Chatterjee noted that, at Trump’s behest, today is the day the U.S. formally exits the 2015 Paris Agreement, becoming “the only nation in the world to sit on the sidelines. But we won’t be giving up and we have the will of the people behind us. We know we have a responsibility to rejoin the Agreement and to increase our climate commitment.”
Leading into Election Day, much of the climate news coverage focused on polls that showed increasing voter concern about the climate crisis, but with a continuing partisan divide between Democrats and Republicans. Other stories looked at the local effects of climate change in different parts of the country, with campaigners and some candidates deliberately homing in on the on-the-ground practicalities of climate impacts more than big-picture policies.
The New York Times recalled a mid-October Times/Siena College poll that found 58% of Americans who were very or somewhat concerned that climate change is harming their communities, compared to 39% who were not. “But that poll also found a stark partisan split,” with 90% of Biden voters but only 23% of Trump supporters expressing concern about the crisis in their midst. Across demographic groups, climate concern was highest among Black survey respondents, at 84%, and 18- to 29-year-olds, at 72%.
The Times also cited a separate study by Stanford University, Resources for the Future, and ReconMR that found the “issue public” for climate change—people who had concluded the issue was extremely important to them personally—had hit 25% this year, an all-time high.
“That’s a big deal, because these are the people who write letters to lawmakers, donate to lobbying groups ,or vote based on the issue,” said Stanford professor Jon Krosnick, who’s been polling on climate change polling for more than 20 years. “That rise has come in the last few years, and I’ve never seen that magnitude of change on any issue.”
But the partisan splits at the national level still translated in places that were considered key swing states going into the election. Times/Siena found 58% of all voters, 90% of Biden supporters, and 22% of Trump voters concerned about their own community being harmed by climate change. “In Arizona, which endured a series of deadly, record-breaking heat waves in July and August, 57% of likely voters said they were very or somewhat worried that rising temperatures from global warming would have a significant effect on their life,” including 90% of Biden backers and 22% of Trump voters. In Florida, 54% across the board, 84% of Biden supporters, and 22% of Trump voters were worried about sea level rise.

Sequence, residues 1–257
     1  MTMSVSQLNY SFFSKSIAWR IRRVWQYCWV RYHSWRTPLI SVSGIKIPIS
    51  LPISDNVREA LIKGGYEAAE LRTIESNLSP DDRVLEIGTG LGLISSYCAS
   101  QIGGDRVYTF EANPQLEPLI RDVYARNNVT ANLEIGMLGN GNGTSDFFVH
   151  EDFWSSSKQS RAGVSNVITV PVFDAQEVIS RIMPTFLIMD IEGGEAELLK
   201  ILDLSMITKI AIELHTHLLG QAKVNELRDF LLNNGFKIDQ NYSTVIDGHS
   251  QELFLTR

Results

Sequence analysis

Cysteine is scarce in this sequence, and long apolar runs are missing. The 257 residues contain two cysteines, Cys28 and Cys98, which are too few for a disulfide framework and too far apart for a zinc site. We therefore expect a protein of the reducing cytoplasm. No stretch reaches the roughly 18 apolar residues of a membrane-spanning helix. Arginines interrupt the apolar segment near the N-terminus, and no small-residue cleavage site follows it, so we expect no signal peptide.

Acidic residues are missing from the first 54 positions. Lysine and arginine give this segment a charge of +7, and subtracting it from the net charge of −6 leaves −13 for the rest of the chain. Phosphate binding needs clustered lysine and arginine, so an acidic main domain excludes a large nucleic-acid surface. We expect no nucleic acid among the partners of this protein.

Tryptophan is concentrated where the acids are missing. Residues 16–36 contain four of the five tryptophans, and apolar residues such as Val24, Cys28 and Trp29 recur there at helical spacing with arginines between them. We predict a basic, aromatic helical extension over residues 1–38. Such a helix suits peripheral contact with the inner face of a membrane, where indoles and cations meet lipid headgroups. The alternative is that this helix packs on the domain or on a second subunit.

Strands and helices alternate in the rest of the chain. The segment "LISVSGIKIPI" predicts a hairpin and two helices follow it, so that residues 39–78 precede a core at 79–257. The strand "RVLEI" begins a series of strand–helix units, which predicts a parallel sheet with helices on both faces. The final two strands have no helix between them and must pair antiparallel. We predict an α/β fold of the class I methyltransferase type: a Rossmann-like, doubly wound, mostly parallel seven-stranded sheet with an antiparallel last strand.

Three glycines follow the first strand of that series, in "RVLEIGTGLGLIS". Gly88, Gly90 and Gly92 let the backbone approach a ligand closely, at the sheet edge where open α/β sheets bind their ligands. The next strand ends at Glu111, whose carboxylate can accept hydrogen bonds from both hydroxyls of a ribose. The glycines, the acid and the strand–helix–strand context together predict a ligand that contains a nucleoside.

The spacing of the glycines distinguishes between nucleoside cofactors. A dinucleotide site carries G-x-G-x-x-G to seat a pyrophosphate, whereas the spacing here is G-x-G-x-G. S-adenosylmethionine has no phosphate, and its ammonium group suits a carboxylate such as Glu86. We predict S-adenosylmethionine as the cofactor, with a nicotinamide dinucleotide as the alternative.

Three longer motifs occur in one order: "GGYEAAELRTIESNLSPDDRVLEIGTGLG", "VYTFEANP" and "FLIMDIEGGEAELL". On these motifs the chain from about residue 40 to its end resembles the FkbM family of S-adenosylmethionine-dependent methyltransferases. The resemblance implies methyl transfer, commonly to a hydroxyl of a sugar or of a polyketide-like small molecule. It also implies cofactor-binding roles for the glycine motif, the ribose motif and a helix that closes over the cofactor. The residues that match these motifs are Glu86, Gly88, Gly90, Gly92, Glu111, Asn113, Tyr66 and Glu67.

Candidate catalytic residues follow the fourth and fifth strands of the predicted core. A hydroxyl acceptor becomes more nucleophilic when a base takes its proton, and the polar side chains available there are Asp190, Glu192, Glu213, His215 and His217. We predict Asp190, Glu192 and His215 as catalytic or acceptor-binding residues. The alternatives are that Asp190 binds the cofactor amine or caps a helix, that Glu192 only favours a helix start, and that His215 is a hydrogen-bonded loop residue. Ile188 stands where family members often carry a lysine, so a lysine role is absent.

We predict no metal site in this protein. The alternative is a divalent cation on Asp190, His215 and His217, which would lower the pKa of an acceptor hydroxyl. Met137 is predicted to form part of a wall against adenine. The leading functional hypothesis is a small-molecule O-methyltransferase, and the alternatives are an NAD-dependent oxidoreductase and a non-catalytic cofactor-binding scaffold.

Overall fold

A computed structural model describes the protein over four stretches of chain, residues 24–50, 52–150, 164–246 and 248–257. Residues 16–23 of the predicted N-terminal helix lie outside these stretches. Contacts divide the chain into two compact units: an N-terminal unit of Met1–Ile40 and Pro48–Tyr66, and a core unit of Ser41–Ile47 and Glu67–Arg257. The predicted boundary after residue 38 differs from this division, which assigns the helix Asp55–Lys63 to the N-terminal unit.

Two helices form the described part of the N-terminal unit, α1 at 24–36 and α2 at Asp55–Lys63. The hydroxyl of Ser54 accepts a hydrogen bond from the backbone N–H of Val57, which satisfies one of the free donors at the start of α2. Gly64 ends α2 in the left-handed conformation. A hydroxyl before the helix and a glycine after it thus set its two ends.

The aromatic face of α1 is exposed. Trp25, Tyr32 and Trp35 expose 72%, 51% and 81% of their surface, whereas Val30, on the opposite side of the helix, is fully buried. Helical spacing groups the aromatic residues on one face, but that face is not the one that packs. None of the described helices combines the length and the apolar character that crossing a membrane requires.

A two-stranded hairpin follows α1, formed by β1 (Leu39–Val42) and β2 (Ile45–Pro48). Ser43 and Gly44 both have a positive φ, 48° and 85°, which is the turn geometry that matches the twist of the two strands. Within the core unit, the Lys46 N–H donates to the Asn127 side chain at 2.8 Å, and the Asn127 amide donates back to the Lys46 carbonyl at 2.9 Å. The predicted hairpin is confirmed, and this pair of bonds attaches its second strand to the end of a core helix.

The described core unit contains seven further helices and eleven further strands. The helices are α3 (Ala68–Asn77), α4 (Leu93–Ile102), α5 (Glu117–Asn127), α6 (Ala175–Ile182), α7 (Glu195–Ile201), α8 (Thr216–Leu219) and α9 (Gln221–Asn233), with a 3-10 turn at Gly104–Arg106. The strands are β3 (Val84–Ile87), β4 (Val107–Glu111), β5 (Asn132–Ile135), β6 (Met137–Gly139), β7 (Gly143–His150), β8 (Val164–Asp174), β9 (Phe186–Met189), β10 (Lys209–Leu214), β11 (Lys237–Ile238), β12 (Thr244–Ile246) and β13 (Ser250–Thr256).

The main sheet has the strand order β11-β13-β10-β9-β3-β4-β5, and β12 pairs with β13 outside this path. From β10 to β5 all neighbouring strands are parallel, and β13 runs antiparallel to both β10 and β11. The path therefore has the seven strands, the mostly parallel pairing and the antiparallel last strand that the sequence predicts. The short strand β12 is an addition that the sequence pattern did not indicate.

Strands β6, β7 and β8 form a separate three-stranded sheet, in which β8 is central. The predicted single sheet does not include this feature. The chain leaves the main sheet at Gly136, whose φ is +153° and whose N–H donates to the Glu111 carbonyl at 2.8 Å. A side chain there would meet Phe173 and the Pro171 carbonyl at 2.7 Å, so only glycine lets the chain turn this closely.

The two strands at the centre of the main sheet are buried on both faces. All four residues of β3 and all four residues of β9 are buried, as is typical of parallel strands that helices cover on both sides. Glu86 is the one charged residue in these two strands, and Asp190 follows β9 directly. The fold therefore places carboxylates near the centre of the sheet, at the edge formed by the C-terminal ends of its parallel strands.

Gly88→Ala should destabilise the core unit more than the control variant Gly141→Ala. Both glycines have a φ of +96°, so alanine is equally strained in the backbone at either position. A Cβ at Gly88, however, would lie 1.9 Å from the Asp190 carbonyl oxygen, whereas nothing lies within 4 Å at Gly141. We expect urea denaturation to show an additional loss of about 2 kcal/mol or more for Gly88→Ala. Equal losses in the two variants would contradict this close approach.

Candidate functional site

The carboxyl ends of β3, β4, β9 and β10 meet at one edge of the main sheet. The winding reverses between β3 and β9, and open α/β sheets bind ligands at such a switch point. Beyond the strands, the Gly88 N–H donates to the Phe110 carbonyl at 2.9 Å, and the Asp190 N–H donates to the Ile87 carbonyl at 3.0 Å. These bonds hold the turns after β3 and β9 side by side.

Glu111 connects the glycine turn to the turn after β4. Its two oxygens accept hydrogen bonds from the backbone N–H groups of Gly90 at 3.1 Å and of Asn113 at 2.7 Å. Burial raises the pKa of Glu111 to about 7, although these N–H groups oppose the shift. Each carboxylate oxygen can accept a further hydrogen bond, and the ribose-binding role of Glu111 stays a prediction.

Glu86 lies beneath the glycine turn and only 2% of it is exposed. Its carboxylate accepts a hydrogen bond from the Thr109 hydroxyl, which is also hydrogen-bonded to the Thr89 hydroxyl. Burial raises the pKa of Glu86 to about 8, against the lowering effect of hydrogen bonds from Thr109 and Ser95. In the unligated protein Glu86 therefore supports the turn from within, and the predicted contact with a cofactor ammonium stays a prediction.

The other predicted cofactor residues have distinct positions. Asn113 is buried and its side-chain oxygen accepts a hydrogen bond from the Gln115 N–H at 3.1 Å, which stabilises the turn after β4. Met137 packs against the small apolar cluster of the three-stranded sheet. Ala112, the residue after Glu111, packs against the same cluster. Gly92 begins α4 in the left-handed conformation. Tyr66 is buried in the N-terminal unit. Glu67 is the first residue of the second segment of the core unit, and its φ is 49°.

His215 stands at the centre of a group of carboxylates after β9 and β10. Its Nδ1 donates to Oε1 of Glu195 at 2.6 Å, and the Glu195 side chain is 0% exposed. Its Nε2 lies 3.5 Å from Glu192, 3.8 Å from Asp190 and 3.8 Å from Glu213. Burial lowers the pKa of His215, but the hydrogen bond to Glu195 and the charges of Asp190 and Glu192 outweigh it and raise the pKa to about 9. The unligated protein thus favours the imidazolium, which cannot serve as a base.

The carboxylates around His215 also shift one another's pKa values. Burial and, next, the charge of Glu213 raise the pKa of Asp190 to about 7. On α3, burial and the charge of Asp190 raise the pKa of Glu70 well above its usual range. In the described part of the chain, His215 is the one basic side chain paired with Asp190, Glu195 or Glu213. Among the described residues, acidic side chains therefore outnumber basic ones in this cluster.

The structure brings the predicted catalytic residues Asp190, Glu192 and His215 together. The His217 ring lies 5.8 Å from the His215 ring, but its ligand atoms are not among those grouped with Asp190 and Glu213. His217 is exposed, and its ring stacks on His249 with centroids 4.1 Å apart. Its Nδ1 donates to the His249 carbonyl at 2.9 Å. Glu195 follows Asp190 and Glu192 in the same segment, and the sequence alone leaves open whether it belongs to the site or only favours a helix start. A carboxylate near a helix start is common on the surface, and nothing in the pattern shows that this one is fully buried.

In Pennsylvania, a state heavily dependent on oil and gas fracking, 52% said they supported the climate-busting process, while 27% opposed it. Supporters were predominantly male and broke overwhelmingly for Trump in their voting intentions. Late campaign polling in the state showed Biden with a six-point lead, but the outcome was still unknown Wednesday morning, with many votes still to be counted.
InsideClimate News has snapshots of key climate-related issues playing out in different parts of the country—including environmental justice and toxic coal ash pollution in Wayne County, North Carolina, sea level rise in Imperial Beach, California, air quality in Salt Lake City, Utah, water rights for the Navajo Nation in Arizona, environmental justice in Houston, Detroit, and Harlan County, Kentucky, and the vulnerability of Missouri farm communities to drought, wildfires, floods, and superstorms.
Grist wrote about young candidates bringing climate into election battles in Oregon, Florida, and Michigan, largely by addressing local impacts in states that skewed heavily Republican.